Newspaper Page Text
VOL. LXV. NQ. 293. PRICE THREE CENTS.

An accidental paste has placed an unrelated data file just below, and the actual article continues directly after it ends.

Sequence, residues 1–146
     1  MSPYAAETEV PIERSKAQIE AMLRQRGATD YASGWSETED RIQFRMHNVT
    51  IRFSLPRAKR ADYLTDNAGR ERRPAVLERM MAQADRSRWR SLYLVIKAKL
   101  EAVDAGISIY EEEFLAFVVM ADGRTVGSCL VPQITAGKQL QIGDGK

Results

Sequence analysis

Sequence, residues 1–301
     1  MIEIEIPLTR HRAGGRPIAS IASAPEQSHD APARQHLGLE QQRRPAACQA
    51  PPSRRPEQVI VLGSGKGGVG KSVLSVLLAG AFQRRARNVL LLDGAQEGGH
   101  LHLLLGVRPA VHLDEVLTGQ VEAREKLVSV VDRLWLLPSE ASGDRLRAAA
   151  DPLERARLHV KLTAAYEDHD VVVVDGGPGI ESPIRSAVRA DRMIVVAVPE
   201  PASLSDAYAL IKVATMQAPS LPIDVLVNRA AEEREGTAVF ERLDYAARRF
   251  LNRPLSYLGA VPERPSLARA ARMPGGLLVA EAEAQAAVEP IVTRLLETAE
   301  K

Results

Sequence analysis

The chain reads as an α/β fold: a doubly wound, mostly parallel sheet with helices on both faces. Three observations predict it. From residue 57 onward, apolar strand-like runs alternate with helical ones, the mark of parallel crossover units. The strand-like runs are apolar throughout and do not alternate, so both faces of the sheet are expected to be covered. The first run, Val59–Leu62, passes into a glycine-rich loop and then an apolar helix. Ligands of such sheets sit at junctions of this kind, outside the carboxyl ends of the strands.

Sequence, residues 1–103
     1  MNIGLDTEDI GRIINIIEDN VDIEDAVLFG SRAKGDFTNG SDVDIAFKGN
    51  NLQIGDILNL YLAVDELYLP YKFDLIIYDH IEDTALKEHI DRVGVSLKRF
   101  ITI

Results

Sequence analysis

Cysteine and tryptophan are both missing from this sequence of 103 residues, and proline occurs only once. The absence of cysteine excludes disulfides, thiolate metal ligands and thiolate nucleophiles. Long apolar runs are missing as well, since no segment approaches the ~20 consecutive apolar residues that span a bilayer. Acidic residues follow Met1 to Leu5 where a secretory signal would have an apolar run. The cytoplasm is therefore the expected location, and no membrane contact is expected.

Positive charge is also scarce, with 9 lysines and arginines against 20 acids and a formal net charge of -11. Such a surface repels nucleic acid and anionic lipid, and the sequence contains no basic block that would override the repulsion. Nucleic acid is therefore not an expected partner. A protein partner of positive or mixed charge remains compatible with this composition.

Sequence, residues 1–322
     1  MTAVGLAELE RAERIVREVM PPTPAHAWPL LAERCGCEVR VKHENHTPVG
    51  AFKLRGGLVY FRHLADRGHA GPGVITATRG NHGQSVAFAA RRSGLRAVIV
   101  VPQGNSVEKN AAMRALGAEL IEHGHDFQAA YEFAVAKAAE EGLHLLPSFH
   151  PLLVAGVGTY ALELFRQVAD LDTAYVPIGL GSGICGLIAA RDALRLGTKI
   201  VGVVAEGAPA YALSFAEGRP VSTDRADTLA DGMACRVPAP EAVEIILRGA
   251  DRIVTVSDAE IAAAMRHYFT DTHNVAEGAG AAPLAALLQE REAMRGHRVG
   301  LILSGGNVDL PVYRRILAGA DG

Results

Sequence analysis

NEW HAVEN CONN., WEDNESDAY, DECEMBER 8, 1897. THE CARRINGTON PUBLISHING CO. LOCAL ELECTION RESULTS VOTES SCARCE AND DEMOCRATIC MAJORITIES NUMEROUS. Democrats Elect All Their Candidates for Selectmen and Constables C. II. Hamil ton Elected First Selectman Vote for Ward Officer In Annexed Districts Counters Somewhat Mixed. The town of New Haven elected Ave selectmen and five constables at the election yesterday. There was little contest for the positions and the vote was unusually light. What voters did get out to the polls seem to have voted the democratic ticket and their three candidates for selectmen and three can didates fo?" onstables were elected, re ceiving nearly 2,000 more votes than the republican nominees. The two republi can candidates receiving: the highest number of votes were also elected. Republicans seem to have forgotten that there was an election, and their candidates polled less than 2,700 votes, as against 8,000 votes a year ago. In the First ward the republican ticket polled only 96 votes-, against over 400 a year ago. In the Second ward the tick et polled 189. in the Eighth 207, in the Ninth 24 and in the Tenth 303. The ffenth, Thirteenth and Fourteenth wards were the only ones in which the republican candidates got a majority of the votes cast. In addition to voting for selectmen, the Thirteenth, Fourteenth and Fif teenth wards each elected two aldermen (one for a short and one for a long term) and three councilmen. In these elections the honors were somewhat di vided. In the Thirteenth ward the re publicans elected the short term alder man and the three councilmen, while the democrats elected the long term al derman. The same division was also made in the Fourteenth ward, the dem ocrats taking the long term alderman only. In the Fifteenth ward the demo crats swept the deck and elected both aldermen and the three councilmen. The vote was so small that it was quickly counted, in some of the wards too quickly counted, for the returns made to Moderator Colonel Frank T. Lee were in sevetfal instances erroneous. It was the old story counters mixed up on the vote for first selectman and the ' vote for selectmen. The name occupy ing first place on the ticket is voted for first selectman. In five out of the fif teen wards the votes on first selectman "were improperly returned. The count ers in the Third and Fourth wards re turned no votes cast for first selectman, a condition of affairs which could not possibly exist. . v The Fifth ward counters did better yet and returned all the votes cast far the several candidates for selectmen VOTE OF THE TOWN , 12 3 t . FIRST SELECTMAN. Charles F. Root, r.... 90 182 ... Orton A. Rose, r 1 2 ... 76 65 Adam Sattig, r 72 C. S. Hamilton, d....H8 371 ... ... 149 H. C. Bretzfelder, d ... 162 J. J. Buchanan, d , ... .... ... 151 C. Root ... ... Lewis Asher SELECTMEN. Charles F. Root, r.... 96 182 104 265 76 169 86 200 240 303 110 119 276 216 116 2618 Orton A. Rose, r.... 96 189 161 264 65 1K7 87 195 240 302 113 122 276 24o 116 2638 Adam Sattig. r 95 187 161 268 72 169 '90 207 244 299 112 124 276 214 116 2634 C. S. Hamilton, d...122 877 588 470 149 Sl)2 5SS 279 322 166 277 387 161 107 144 4529 H. C. Bretzfelder, d.121 364 595 469 162 401 592 282 322 155 272 388 162 52 143 4520 .J. J. Buchanan, d....121 369 590 472 151 397 587 2S3 S21 156 273 390 162 104 144 2520 Henry C. Bush ..... ' 1 .:. . ... ' 1 CONSTABLES. David J. Shields, r.. 36 175 184 300 74 ITS 110 207 22" 291 112 123 275 21S 1.16 2686 Louis Ooleman, r-.... 96 169 194 254 75 171 89 202 221 300 112 119 275 216 117 2610 Willis M. Bonner, r.. 97 166 177 253 74 171 89 BOO 246 301 114 122 275 216 117 2618 . Patrick Bree, d 120 367 582 471 153 396 592 280 318 157 273 391 161 109 144 4514 Peter J. MoNorney, d120 399 599 468 152 368 537 268 314 160 270 374 161 111 144 4455 Lewis Asher, d 118 357 570 424 154 390 576 283 315 159 270 364 161 108 143 4378 C. 8. Hamilton.. 2 1 ... 1 ... 4 H. C. Bretzfelder . 1 ... 1 ... ... 2 , Whole number of votes cast 217 562 757 747 232 571 6S6 48S 565 476 389 515 468 344 260 7277 Scattering 2 l 2 ... 5 Ballots rejected 1 1 3 1 1 8 9 Those marked with an asterisk () are elected. VOTE FOR WARD OFFICERS. ; ' ALDERMEN. Thirteenth Ward. William II. Farnham, short term, r, George M. Griswold, short tsrrn, d, Charles H. Warden, long term, r, Willis B. Isbell, long term, d, Scattering Fourteenth Ward. 27S 182 227 230 13 Richard G. Davie, short term, r, Willfs H. Farren, short term, d, George M. Baldwin, long term, r, Jacob Frahlich, long term, d, 193 133 165 168 , 109 171 Fifteenth Ward. George G. Hitchcock, short terror, Fred'k Van Sickles, short term, d, Nathaniel W. Kendall, long term, r, Sidney S. Kelsey, long term, d, 119 174 COUNCILMEN. Thirteenth Ward. Robert R. T. Grant, r, James W. Mercer, r, Frederick Roth, r, James T. McGuire, d, Henry L. Van Housen, d, George H. Yardley, d. Fourteenth Ward. Harry K. Rowe, r, John Parker, r, Charles E. Huntley, r. Edward H. Farren, d. Henry M. Shannon, d, Edward S. Ryan. d. Fifteenth Ward. George E. Grannis, r, Joseph Uhrich, r, John Berndston, r, Michael S. Doohan, d, Charles H. Hilton, d, SViUiaraA. Bristol, d ; 291 294 284 181 173 158 220 20G 173 161 121 115 122 111 172 1S3 flS2 as also voted for those several candi dates for first selectman. The Thir teenth ward counters introduced still another variation and returned all tlio votes as cast for first selectman, while a beautiful blank was left in the place for the return of the vote 'or selectmen. The moderator refused to accept thi3 and the return was corrected to cori-e- spond with the Fifth ward method. namely, all the votes were Improperly returned as votes for first selectman and properly returned as votes for se lectmen. The Fourteenth ward was the ward that broke the camel's back and the moderator's patience. The counters from this ward at first returned the votes as all for selectmen and no votes for first selectman. When attention was called to the error it was corrected according to the original plan of the Thirteenth ward, all the votes being returned for first selectman and none for selectmen. This latter was the way the vote was counted at first and the five candidates receiving the largest number of votes were declared elected by the moderator. By. this count Mr. Root was the sec ond selectman elected by the republi cans, while Mr. Ross, who had the least number of votes of the three republican candidates, was defeated, Mr. Root hav ing eleven votes more than Mr. Rose. If the vote in the Fourteenth ward had been returned for selectmen and count ed, instead of being left out entirely and counted only for first selectman, Mr. Rose would be elected, as he had twenty more votes than Mr. Root. Realizing the mistake, and before he had adjourned the meeting, Colonel Lee, the moderator, determined to have the error corrected. 1 He at once went in hot chase after the counters of the Four teenth ward and had them make a re turn more in accordance with the . ap parent purpose of the voters of the ward. It took some time to find the counters and for them to correct the error, so It was after 12 o'clock before the corrected returns were received. The vote of the ward was returned for se lectmen and so counted, making Mr. Rose the republican elected and Mr. Root the one defeated. The vote of the ward was not counted for first select man according to this last return. For tunately the improper return of the vote of five of the wards for first selectman could not affect the result, as Mr. Ham ilton, the democratic candidate, had a large majority. The selectmen elected yefterday only hold office until the first week day of June next, when new selectmen elected in April will take office. As the duties of the selectmen since the consolida tion of the outlying districts with the city are hardly more than nominal, and the term of office so short, the office seems hardly worth such bother as was occasioned by yesterday's election. , The counters in the Fifteenth, ward in their haste or glee failed to Yetunr any votes for Michael Doohan, one of the democratic candidates for councilman. Attention was called to the error and the return sent back for correction. Mr. Doohan received 172 votes, electing him a councilman. The vote was counted quickly, in some wards being counted an hour after the polls closed. OF NEW HAVEN. -WARDS-8 9 10 11 13 13 14 15 Totl 169 86 200 240 304 116 128 276 ...114 1967 276 ... ... 844 5 ... 1 276 391 588 275 322 153 277 393 161 ... 1 4 162 1 ..162 ... 1 ... ... ... ... 1 ... .'. ... 354 3341 329 314 1 1 14; ELECTION IN WEST HAVEN. Democrats Win Ont All Offices but One G. K. Bailey Elected Clerk. The annual election of the borough of West Haven was held yesterday after noon, the polls being open from 12 noon until 8 p. m. The entire democratic ticket was elected with one exception G. E. Bailey, republican, was elected clerk. About 825 votes were cast. The principal contest was between the can didates for warden, James H. Peck, the democratic candidate, winning by the majority of 62 over John R. Lomas, the republican candidate. The following is the vote: Democratic Warden, James H. Peck 412; burgesses, John H. Hayes 375, El bert H. Sperry 3S9, Augustus H. Lausen 385; clerk, Charles E. Stormont 379; treasurer, John F. Barnett 407; collector, Frank Wilcox 445; assessors. Henry C. Thomas 426, Alfred Powell 391; auditor, C. Godfrey Olsen 381; bailiff, William W. Clinton 424. Republican Warden, John R. Lomas 350; burgesses, John Mackrille 387, Wil liam H. French 376, Charles K. Bush 274; clerk, George E. Bailey 3S7; treasur er, James Tolles 359; collector, Erwin J. Crawford 314; assessors, Egbert E. Par dee 377, Edward G. Mansfield 327; aud itor, James H. Reynolds 384; bailiff, Da vid Crane 337. Republicans Win in Lawrence. Lawrence, Mass., Dec. 7. At the mu nicipal election to-day James H. Eaton, republican and good government asso ciation candidate, defeated James E. Donoshue, demograt, by 9S3, or-mayor. CITY ELECTIONS ELSEWHERE SEVENTEEN MAYORS AKE CHOSEN IN THE II A r STATU, Seven Won on Other Than Strnlglit Party Nominations Showing That the Idea of Independent or Xon-Partisnn Control uf Municipalities Is Growing No T.lcenso , Vote. Boston, Dec. 7. Seventeen of the thirty-two cities of the commonwealth held their municipal elections to-day. In a majority of cases the republicans were successful in electing their mayor and securing control of the city govern ment, although the results show that the idea of independent or non-partisan control of municipalities is steadily growing in favor. Seven of the seven teen mayors chosen won upon other than straight party nominations, al though nearly all had party endorse ment. Six mayors were re-elected. On the license question the contest as usual was closely fought, but the advocates of no license lost much ground and strength. Three cities Brockton, Hav erhill and Gloucester went over into the license column, the former having been dry for a decade and the others for two and one years, respectively. DEMOCRATIC FOR FIRST TIME, Very Unusual Result in the Election at Marlboro, Mass. Marlboro Mass., Dec. 7. For the first time in its eight years of municipal life this city has elected a democrat. To day Dr. Eugene G. Hoyt defeated Fred erick A. Pope, republican, by a major ity of 293. The victory is attributed to the popularity of the democratic candi date and disaffffection in the republican ranks. Dr. Hoyt carried every ward in the city except Ward 1, which is the home of his rival. Fall River Republican. Fall River, Mass., Dec. 7. The city election brought out a very large vote due to the contest- for the offi.ee of mayor and upon the license question. Amos P. Jackson, republican, is elected over James (H. Hoar, democrat, by a small majority. The city went for li cense by 1,034 votes. The alderma-nic board elected is six republicans and three dmocrats. Th council is eighteen republicans and nine democrats. The vote for license is yeas, 6,379; no, 5,345. Died at the Foils. Fitchburg, Mass., Dee. 7. The city election to-'day was devoid of excite ment, .the chief contest being on the question of license. The city went no license for the fifth time by a vote of 2,326 to 1,869. At the polling place in ward four, Henry S. Hitchcock, a war veteran of the Twenty-first regiment, died of heart failure. The result of to day's election is the choice of Henry E. Rockwell, cit. ind., for mayor. The city council is six aldermen and seventeen councilmen, all citizens', independent. Republicans Sweep Springfield. Springfield, Mass., Dec. 7. The repub licans swept the city to-day, re-electing Mayor Hanery S. Dickinson over Col one! John L. Rice, democrat, by 1,182, the entire board of aldermen, the entire school committee and all but five of the eighteen members of the council. The city went for license by 1,091. The con test has been an exceedingly hot one and party lines wer badly broken, The A. P. A. opposed Rice and nearly half the democrats voted for Dickinson, Vote No License. Somerville, Mass., Dec. 7. The mu nicipal election to-day resulted in a sweeping victory for Mayor Albion A. Perry, the citizens' and municipal league candidate, who was re-elected by a vote of 3,875 to 1,946 for Franklin P. Phillips, the republican' nominee. The city council is strongly republican. As for several years past the city voted emphatically in favor of no license, the vote being yes, 2,026; no, 3,266. Haverhill. Haverhill, Mass., Dec. 7. In the elec tion to-day the republican nominee. John A. Gale, was buried after one of the most exciting-campaigns ever known here, and it is thought that this election means the end of a partisan campaign in this city. The vote for mayor was: Daniel F. Chase, non-partisan democrat, 3,109; John A. Gale, republican, 2,338; John C. Chase, socialist, 875. License Yes 3,468, no 2,775. f,icenso in Brockton. Brockton, Mass., Dec. 7. The munici pal election here to-day was the hot test that has been in the city's history and over 600 more votes were cast than in any previous election. The contest for mayor was won by Henry E. Gar field, ind. dem., by 35 votes, defeating Mayor Charles Williamson, the republi can candidate. After ten years of no license, the city went into the license column. Northampton. Northampton, Mass., Dec. 7. The re publicans carried Northampton to-day, electing Henry P. Field mayor by 218 votes and securing four of the seven aldermen and thirteen of the twenty one councilmen. The city voted license by 1,321 to 1,017. Wnltham. Waltham, Mass., Dec. 7. In the mu nicipal election to-day George L. May bury, the non-partisan candidate, car ried the city overwhelmingly, his plu rality over Charles P. Bond, rep., being 572. j, . Plttsfield. Pittsfield, Mass., Dec. 7. William W. Whiting, dem., was elected mayor over Edgar T. Lawrence to-day by 114 plu rality. The city went for license by 154, the vote standing 1,985 to 1,831. Qnincy. 1 Quincy, Mass., Dc. 7. Thf republi .oro hod a complete walkover to-dav electing their candidate for mayor, Rus sell A. Sears, Dy 3W majority, jno li cense waa voted., MISS NICHOLS ON THE STAND. Tells Story of Alleged Murder of Her Brother by linnul. Bridgeport, Dec. 7. What is generally thought will prove to be one of the most notable trials in the criminal an nals of Fairfield county opened here to day before Judge Wm. T. Elmer, of the superior court, when Charles A. Bonal was placed on trial charged with mur dering George Marcus Nichols on Dan iels' farms on the night of July 23. The court granted the motion of Attor ney Lynch for the defense that all wit nesses be excluded from the court room while they vere not testifying, allow ing the detectives, however, to remain in the room. The first witness was David Brins made of Shelton, a civil engineer, who had prepared a chart of the scene of the crime and vicinity. He was followed by Photographer Montagnani of this city, who takes all the photographs for the police, who testified to taking the thirteen pictures that were shown of the room where the murder was com mitted and other views of the locality. Miss Mary Nih5ls, a sister of the mur dered man, was the next witness. She in these dispatches heretofore. She told inthese dispatches heretofore. She told how the men ate in the house after shooting her brother and described in detail the sufferings of her brother. . Throughout her testimony Miss Nichols spoke of "he" as if It was al ways one person that took an active part in the matter. It was he that fired the shots, demanded the money and went to the cellar for the brandy, and his companion was only a passive ac complice. Miss Nichols was on the stand thirty-five minutes this after noon, and exceptin for a brief while, when she was . somewhat overcome when referring to her brother, she bore the strain very well. THE SJX DAYS' BICYCLE RACE. Miller Ninety Miles Ahead of Record fo Forty-nine Hours. New York, Dec. 7. Miller was far advanced into his ninth hundred mile at midnight to-night in the six day's bi cycle race. Waller's star had faded be fore the dawn and his record breaking performance of yesterday had been for gotten in the astonishing achievements of Miller, Stephane and Rice. Miller, the Chicago boy, after forty-seven hours almost constant riding, was nearly 80 miles ahead of the record for a six day's contest. Six others had al so beaten the record and they will con tinue to whirl along while strength en dures, for those who get beyond Hale's record of last year will be compensated $200 in addition to the prize at,stake. Along about 8 o'clock Johnsoru one of the tail enders, surprised everybody by letting himself out and he showed faster time than he had heretofore made. Elkes dropped in behind him and was followed by Rivierre. Then Stephane went out after his fellow countrymen to tire out whom has been his one ambition from the start. The score at 1:15 a. m. stood: Miller, 872, 2; Stephane, 822; Rice, 822, 5; Schin ner, 802, 2; Rivierre, 815, 7; Moore, 778, 7; Waller, 763, 1; Pierce, 779, 3; Golden, 734, 4; Hale, 729, 7; Elkes, 724, 8; Enter man, 665, 2; Kinse, 639, 5; Gannon, 603, 2; Julius, 567, 4; Johnson, 534, 7; Bea com, 510, 6; Gray, 491, 7. Miller was 90 miles 2 laps ahead of the record for forty-nine hours. IMPORTANT RESOLUTION PASSED. Consolidated Meeting of Well Known In surance Men and Electricians. New York, Dec. 7. Well known in surance men and electricians from all parts of the country attended to-day the annual meeting of the electrical committee of the Underwriters' Nation al Electrical association in the rooms of the New York Board of Fire Under writers. The following resolution was adopted and transmitted at once to Henry K. Miller, secretary of the national- board of fire underwriters, for consideration by the executive commit tee of that body: "That the electrical committee of this association ask the executive committee of the National Board of Fire Underwriters to consider the advisability of encouraging the es tablishment of municipal electrical de partments in the various cities and towns throughout the country for the regulation and control of the electrical hazard." THE PRESIDENT IN CANTON. Recognized by His Mother When He . . Entered the Sick .Room. Conton, O., Dec. 7. Once more the children of Mrs. Nancy Allison Mc- Kiniey have assembled at her couch, The president and Mrs. McKinley, with other relatives from the east came ear ly in the morning, the latter part of the journey being made on a special train, As they entered the sick room the dy ing woman rallied and for a moment plainly evinced her recognition of her son and others about her. The presi dent has remained almost constantly at the bedside since his arrival and kept the night's vigil, relieving others of the children who have been so con stantly at the bedside. PR ED. G. 1IOTCHK1SS RESIGNS As President of tlie Young Men's Republi can Clnb. President Fred G. Hotchkiss of the Young Men's Republican club tendered his resignation as president of the club last night. J. P. Lavigne.the senior vice president of the club, will fill out the re mainder of Mr. Hotchkiss' term. Georgia Football Bill Vetoed. Atlanta, Ga., Dec. 7. Governor Atkin- son to-day vetoed the anti-football bill. His veto message stated that he thought the question as to whether the college boys should play football should be left to the faculties of the various institutions. It is possible an effort will be made to pass the bill over the gov ernor's veto, but it is not at all likely such an effort would succeed. GREAT PARIS EXPOSITION PRESIDENT SUBMITS MA J. HANDX'S REPORT TO CONGRESS, An Appropriation of S010,000 Recom mended so That a Creditable Display Slay be Made on Behalf of the United Slates The Commissioner Has Already Had Application for 133,069 Feet. Washington, Dec. 7. The president to-day submitted to congress the report of Major Handy, special commissioner to the. great Paris International expeei tion, giving the details of his mission. The commissioner recommends that an appropriation of $919,600 be granted so that a creditable display on behalf of the United States may be made. The president, in transmitting the report, says: "Besides securing a much larger amount of space than had been reserv ed, Major Handy obtained the gratify ing assurance that the United States will be placed on a footing with the most favored nations and that in the in stallation of every importantNdepart ment the United States will have a lo cation commensurate with the dignity and importance of the country and ad joining in every case countries of the first rank. In view of the magnitude and importance of the approaching ex position, and of our standing among the nations that will there be represent ed, and in view also of our increased population and acknowledged progress in science, arts and manufactures, I earnestlv commend the report of Ma jor Handy to your consideration and trust that a liberal appropriation may be made." Already two years In advance of the exposition, the mayor has had applica tion for 132,969 feet, or more space man was ever occupied by the United States in any foreign exposition. WASHINGTON LEGISLATION. Sessions of Senate and House-First Meet ing of Currency Committee. Washington, Dec. 7. A new member in Mr. H. DeS. Money of Mississippi, was introduced in the senate to-day, and after some brief criticism of the form of his credentials, the oath of of fice was administered to him. Mr. Moneywas assigned to the seat former ly occupied by Mr. Daniel of West Vir ginia, the latter securing the seat In the center of the democratic side, which was occupied by the late Senator George. During the session 108 bills, many of which were private pension measures, were introduced, in addition to several joint resolutions and some senate res olutions. An interesting contest for precedence in 'consideration between Mr. Lodge's immigration bill and the proposed legislation to confer authority upon the president to act for the pro tection of the government s interest in the sale of the Kansas Pacific was in troduced, V The House. Washington, Dec. 7. The session of the house to-day, though it lasted but two hours, witnessed a lively skirmish over the question of distributing the president's message to the various com mittees clothed with jurisdiction over the subjects dealth with. The conflict of authority came between the ways and meanB and the banking and cur rency committees. Eventually Mr. Dingley agreed to a modification of the order of distribution so as to send to the ways and means committee all matters relating to "revenues, the 'bonded debt of the country and the treaties affect ing the l-evenues." The resolution was then adopted. , ' Banking and Currency. Washington, Dec; 7. The committee on banking and currency will hold its first meeting to-morrow to outline the general programme on such branches of financial legislation as come under it. It is expected that arrangements will be made to hear Secreta-.-y Gage on his plan of currency reform. Pensions. Washington, Dec. 7. The sub-committee on pensions of the committee on appropriations agreed on the pension appropriation bill to-day and will rec ommend it to the full committee to morrow. The bill carries a total of $141,218,830. It gives $140,000,000 for the payment of pensions proper. charges Cruel treatment. Complaint of Discharged Prisoner Against Litchfield's Assistant Jailor. Winsted, Conn., Dec. 7. Thomas Smith of Colebrook, who was recently released from the county Jail at Litch field, after having served a term for as sault has complained to John F. Sim mons, local agent of the State Humane society, that during his confinement in the jail he was subjected to unwar ranted cruel treatment by Assistant Jailer William Smith. The latter, he alleges, caused a stream of water from a hose to be poured upon his face stead ily for twenty minutes, the only provo cation he alleges being a threat to no tify the authorities that the jailer had docked the tail of his horse.. Agent Simmons has appraised the state offi cers of the Humane society of the case and a thorough investigation will prob ably be made. STAMFORD MERCHANTS OPPOSED, Protest Against the Trading Stamp System . A Counter Plan. Stamford, Dec. 7. A largely attended meeting of the merchants opposed to the trading stamp scheme was held to-night to discuss some means to coun teract the alleged loss of trade for not giving premiums to cash customers. Af ter much discussion it was deemed the most feasible for the anti-stamp mer chants to give 5 per cent, rebate to cash customers and the amount be given in stamps to be cashed at a local savings bank. There will be another meeting next week when the matter, it is believ ed, will be perfected., - AN EXTENSION OP TWO YEAllS Given to Railroads In Which to Make Safety Equipments. Washington, Dec. 7. The interstate commerce commission . has decided to extend for two years the period within which railroads must comply with the act of congress requiring all railroads to be equipped with safety appliances for the protection of the employes and passengers. The commission this after noon authorized the following state ment: "In the matter of the application of the Chicago and Alton railroad and oth er carriers to the interstate commerce committee to extend the period within. which they shall comply with the pro visions of the act of congress of May 2, 1893, and upon which hearing has Just been had, the commission has decided, upon causes shown, to extend said pe riod two years for the petitioning car riers. While the . formal order and statement of facts and reasons consti tuting causes for such extension will not be conditional, the commission has under consideration the question of re quiring quarterly or other periodical re ports of progress by each carrier during the two year period." WOMAN EXAMINES BANK ROOKS. Mrs. Marilla M. Rlcker a Stockholder in Defunct Dover National. Dover, N. H., Dec. 7. An examination of part of the bocks of the defunct Do ver National bank by Mrs. Marilla M. Rlcker, a stockholder of the bank, and her counsel, Alfred S. Hayes of Boston, Is In progress. Mrs. Rlcker is making an effort to determine how the funds of tiie bank were used up by the late cashier, Isaac Abbott. The bank failed in 1895, together with the Dover Five Cents Savings bank,, which was con trolled by the national bank. Cashier Abbott, after destroying a number of the books, committed suicide. Mrs. Rlcker claimed that the receiver and the directors refused to allow' her to look at the books Abbott left and she appealed to the courts. The supreme court recently granted an order direct ing the receiver to allow her and her attorneys to examine the accounts or the bank. A FRAUDULENT TRAFFIC, American Ambassador at Rome" Sends Warning Against Allen Italians. New York, Dec. 7. Commissioner of Immigration Fitchle was notified , to day by Comissioner General Powderly that the state department at Washing ton had been informed by the United States ambassador at Rome that a wholesale traffic in fraudulent natural! zation papers was being carried on in Italy. The object cvf these fraudulent methods was to effect the entry into- the United States under cloak of Amer ican citizenship of aliens who otherwise would be subject to exclusion. -The commissioner was ordered to Investi gate all naturalization papers of immi grants from Italy. Commissioner Fltchie said that the task was an ex tremely difficult one. From the large number of immigrants recently landed he believed there were agents in Europe who in furtherance of fraudulent schemes were in partnership with cus toms agents. STRIKE OF 500 MINERS, Demand That Coal be Weighed Before it Is Screened., Pittsburg, Dec. 7. The five hundred miners employed in the Nottingham and Germania coal mines of Henry Floersheim, on the Wheeling division of the Baltimore and Ohio, struck to-day because of the refusal of Floersheim to weigh coal before it is screened, in ac cordance with the act passed by the state legislature last winter. Last week Judge Frazier of the county courts de cided the act unconstitutional and Flo ersheim at once removed the scales from the mines. A mass meeting of all the miners, employed on the Wheeling division has been called for to-morrow to consider the question of refusing to work if the other operators follow Flo- ersheim'B example. EX-POLICE OFFICER SENTENCED', Found Guilty of 'Highway Robbery and Hecolves Heavy Penalty. Boston, Deo. 7. Charles L. Walker and John E. Higgins of Hopkinton were to-day found guilty of highway robbery in the superior court at East Cam bridge. Walker was an ex-police officer in Hopkinton. Judge Ward well sen tenced Walker to not more than seven or less than six years in the state prison and Higgins to not more than, five or less than four years in the same institution. A Bill Raiser Sentenced. Boston, Deo. 7. Albert A. Thomas, alias Litner, a professional bill raiser, was to-day sentenced to the state prison for ten years at hard labor and to pay a fine of $5,000 by Judge Aldrlch in the United States circuit court. Thomas pleaded guilty in New Bedford. He passed sixteen $2 bills, each of which had been raised to $10. He is a native of Indiana and has served a term in an Indiana prison. A Century and Two Tears Old. Concord, N. H., Dec 7. Mrs. Lydia C. Tenney of West Concord will celebrate her 102d birthday to-morrow. She was born at Bradford, VL, December 8, 1795; joined the Congregational church in 1813, and was married in 1816. Of nine chidlren, she has one living, Daniel C, seventy-five years of age. with whom she makes her home. Mrs. Ten ney is in good health. Representative Belden Better. Washington, Dec. 7. The condition of Representative Belden of New York, who was badly hurt by falling down a flight of marble steps at the capitol yesterday, was much improved to-day. Kis face is badly cut, but It is expected that he will be able to get about in a ehor.t time, . GERMAN ADVANCE IN CHINA WATCHED W1THKEENXNTERESTIN WASHINGTON OFFICIAL CIRCLES. Every Development Is Observed as Part of the Process by Which European Nations Are Seeking to Dismember Chinese Em pireAbsorption of the Orient by the Occident. Washington, Deo. 7. The German ad vance in China is being -watched with keen interest in official and diplomatic circles here owing to the latest cabled reports that Germany has sent an arm ed force inland and occupies the town of. Kiao Chou. While it Is said that the United States has po direct con cern in the trouble, every development is being observed as a part of the pro cess by which tho larger nations oi Europe are seeking the dismemberment of the Chinese empire. As one diplo matic official stated: "It is the obsorp- tlon of the Orient by the Occident." In such a movement It Is understood that the position of this government would be that of a disinterested observ er always active, however, to protect those American interests which have been built up at ths, large treaty ports. At present there is no suggestion that these may be affected but the con troversy is assuming such a phase that it may extend at any time beyond the question of occupying Kiao Chou bay and involve the treaty ports as well as all China. This is the view taken "by soma of the best posted diplomatic officials. It is said, also, that if the process goes on, Europe must not learve out of ac-. count, Japan, because Japan will in sist on recognition if there is to ba any occupation of Chinese territory, froman authoritative source the follow ing statement was made as to the gen eral status of tho German-Chinesa case: . -. Kiao Chou bay is midway between the northern and southern portions of the Chinese coast and has a command ing stategic importance The harbor is broad and deep and is adapted for ths uses of a large fleet The Chinese gov-. ernment had determined to improve the fortifications and bring the. place up to modem standards, China has not made any preparations for war by assembling troops or ships to resist Germany's landing.- It is still believed that a set tlement will be reached through politi cal means and that it will be honorable to China as well as satisfactory to Ger mny.' China hopes that Germany will con fine her efforts to securing redress for her missionary citizens and will not ex ten4. them to terirtorial questions. . It is said that China will not allow her" honor to be lmpunged by the dismem berment of her territory. There was a suggestion at one time that the United States occupied such a disinterested po sition that it could with propriety ten der its good offices as between Ger many and China. This has not taken official flavor. i , - f GERMAN NAVAL BILL, Herr Ricliter Draws Conclusion from Dbja - play of Power in China. Berlin, Dec 7. In the reichstag, Hers . Richter, the radical leader, during the- debate upon the first' reading of the naval bill opposed that measure and dwelt upon the serious Increase of ex penditures. He contended that the great display of power made in China, proved that the government considered' the navy equal to the task Imposed up on it, Admiral von Tlernltz declared the fleet was inadequate and that the government was obliged to send away all its efficient cruisers and even em ploy training ships as men-of-war. He said the influence of cruisers abroad depended chiefly upon the power known to stand behind them, namely, the fleet of battleships. Herr Lleber, the' centre party leader, said his party had not yet got their votes ready. He thought the time had come for the leg islature to deal with the navy, and, if the government would promise that the burdens would be shared by those parts of the world which profited thereby, nine-tenths of the opposition to the bill would be removed. CONGRESSMAN SPERRY'S BIZZS, National System of Postroads Appropri ation Asked for New Haven Harbor. Washington, Dec 7. The establish ment of a national system of postroads -and the extension of the postoffice sys tem eo as to cover the entire business of public transportation is contemplat ed in a bill presented in the house to day by Mr. Sperry of Connecticut and referred to the committee on poatofflces. The measure provides for the consoli dation of the interstate commerce com mission with the postoffice department, to be under a postmaster general and tqn associates, including the present members of the interstate commerce . commission, each to receive $10,000 a year. The bill empowers the extension of the postal business to cover transport ation of persons, baggage, parcels and general freight, and authorizes the de partment to secure control and man agement of such roads now carrying the mails and other roads and trans portation agencies as may be needed for the public use. Another bill intro duced by Mr. Sperry provides for am appropriation of $28,000 for the im provement of the New Haven harbor. Wants Postponement of Sale. Washington, Dec 7. Senator Morgan: to-day introduced a resolution in the senate directing the attorney general to send to the senate a full statement of the authority for and the proceedings under which the sale of the Kansas Pacific railroad is to be made and re questing the president to obtain a post ponement of the sale "to such a time as will give to congress a reasonable time to consider and act upon his rec 4 ommendatlons,'1